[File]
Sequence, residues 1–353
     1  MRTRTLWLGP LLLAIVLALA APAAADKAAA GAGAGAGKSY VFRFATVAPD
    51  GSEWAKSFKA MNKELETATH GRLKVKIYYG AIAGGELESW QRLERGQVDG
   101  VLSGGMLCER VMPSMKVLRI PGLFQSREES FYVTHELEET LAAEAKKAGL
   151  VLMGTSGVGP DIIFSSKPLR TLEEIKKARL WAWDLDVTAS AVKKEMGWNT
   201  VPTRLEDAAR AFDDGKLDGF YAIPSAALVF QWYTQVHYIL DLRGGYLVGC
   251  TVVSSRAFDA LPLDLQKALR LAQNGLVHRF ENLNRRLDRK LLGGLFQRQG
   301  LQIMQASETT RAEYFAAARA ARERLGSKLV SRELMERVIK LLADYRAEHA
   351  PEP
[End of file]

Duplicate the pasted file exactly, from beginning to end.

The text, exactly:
Sequence, residues 1–353
     1  MRTRTLWLGP LLLAIVLALA APAAADKAAA GAGAGAGKSY VFRFATVAPD
    51  GSEWAKSFKA MNKELETATH GRLKVKIYYG AIAGGELESW QRLERGQVDG
   101  VLSGGMLCER VMPSMKVLRI PGLFQSREES FYVTHELEET LAAEAKKAGL
   151  VLMGTSGVGP DIIFSSKPLR TLEEIKKARL WAWDLDVTAS AVKKEMGWNT
   201  VPTRLEDAAR AFDDGKLDGF YAIPSAALVF QWYTQVHYIL DLRGGYLVGC
   251  TVVSSRAFDA LPLDLQKALR LAQNGLVHRF ENLNRRLDRK LLGGLFQRQG
   301  LQIMQASETT RAEYFAAARA ARERLGSKLV SRELMERVIK LLADYRAEHA
   351  PEP